If anything, the concrete research that does exist pokes holes in the raw-foods diet. While cooking produces chemical changes in objects subjected to heat, it does not change the molecular structure completely, says Robert Wolke, emeritus professor of chemistry at the University of Pittsburgh. The claim that enzymes are destroyed at 118 degrees is similarly specious, he adds. More than 1,000 enzymes exist and each one has its own temperature at which it is denatured.

“It’s like saying that all substances melt at 32 degrees Fahrenheit. It’s nonsense. Ice does, but rocks don’t and peanut butter doesn’t,” he said.

Even the notion that heat destroys enzymes in vegetables may not stand up, says Leslie Bonci, director of sports medicine at the University of Pittsburgh Medical Center. Vegetables do not contain that many enzymes to begin with, and our bodies can do an effective job of extracting those that do exist, she says. Not to say that there aren’t some advantages to raw foods.

Overcooking vegetables can decrease their vitamin content, particularly vitamins B and C, which are volatile and susceptible to heat. Cooked vegetables may also come with excess salt or butter, while raw ones come with few extras and lots of fiber.

Cooked food, however, also has its advantages, the experts say. Heat kills microorganisms or other toxins lurking in food. Soybeans contain substances that in large quantities will interfere with digestion and the absorption of zinc and iron. Cooking disarms these blockers, the American Dietetic Association says.

Heat helps

Other foods just confer more benefits when cooked. Tomatoes do not release lycopene, a substance that appears to prevent disease and even cancer, unless cooked. Despite conventional wisdom that cooked carrots contain less beta carotene, scientists now say that we get more beta carotene from cooked carrots because the heat makes the nutrient more accessible. Beta carotene is thought by some to have a role in preventing cancers.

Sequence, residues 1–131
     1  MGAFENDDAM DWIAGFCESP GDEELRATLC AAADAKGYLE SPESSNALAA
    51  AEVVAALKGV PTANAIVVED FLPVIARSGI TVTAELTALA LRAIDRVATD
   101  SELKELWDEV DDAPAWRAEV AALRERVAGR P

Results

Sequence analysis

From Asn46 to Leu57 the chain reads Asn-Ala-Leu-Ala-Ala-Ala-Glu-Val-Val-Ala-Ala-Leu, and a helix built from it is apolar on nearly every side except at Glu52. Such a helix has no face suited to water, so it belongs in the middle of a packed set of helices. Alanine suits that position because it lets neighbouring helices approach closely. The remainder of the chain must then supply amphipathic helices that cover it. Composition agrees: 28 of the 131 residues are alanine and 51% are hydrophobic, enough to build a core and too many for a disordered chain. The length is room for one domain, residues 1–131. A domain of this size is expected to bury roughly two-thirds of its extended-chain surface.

Mainstream nutritionists conclude the answer is not all-raw or all-cooked but a combination. “In an ideal world you’re having a mix of both,” Bonci says.

Even those who espouse living foods philosophy agree that it’s not simply a matter of eating vegetables. “The key is not just to say raw food,” says Brian Clement, director of the Hippocrates Health Institute in West Palm Beach, Fla., which continues to follow Wigmore’s teaching. “If you say that to somebody without an education, they could be eating lettuce and apples. You have to be well-balanced.”

Adults who avoid cooked foods and fail to eat nutritionally balanced diets may suffer fatigue, muscle injuries or decreased immune function. Children, who have even greater nutritional needs to spur their growth, can be at even higher risk, as they need high levels of protein to help them grow. They also require vitamin D, found in milk, which is forbidden in a raw-foods diet.

For infants, such a diet is even more ill-advised, the experts say.

“People think this is healthy. No, it’s not healthy, certainly not for infants,” UF’s Bobroff says. “Anyone who tries to feed an infant that’s under 1 year of age any diet meant for an adult is maltreating that infant.” Compounding the challenge, raw foods tend to fill you up quickly, so you may stop eating long before you’ve met your nutritional needs.

“A cup of vegetables may only have 25 calories, but it’s very filling. You can imagine how many cups of vegetables that are raw you would have to eat,” Sass of the American Dietetic Association says, recommending that anyone who chooses a raw-only diet consult a nutritionist. “The total caloric intake could easily become inadequate.”

Then, there’s the simple notion of deprivation. The diet rules out piping hot soup, warm pastas and desserts featuring rivulets of melted chocolate.

Enthusiasts such as Busch, who went raw three years ago, say uncooked does not mean untasty. His deli features pizza made from nuts and flax bread, nori rolls (the seaweed wrappers often used in sushi) and ice cream from frozen bananas.

At Roxanne’s, the raw-only restaurant in Larkspur, you can order fine wine to accompany your meal of lasagna terrine layered with roma tomato sauce, mushrooms, baby spinach, corn and herbed cashew cheese.

If you do opt for this, the experts say, don’t point to science as your guide.

“Do anything you want,” says chemist Wolke, author of “What Einstein Told His Cook: Kitchen Science Explained.” “That’s your personal choice. Just don’t try to justify it by saying science proves it.”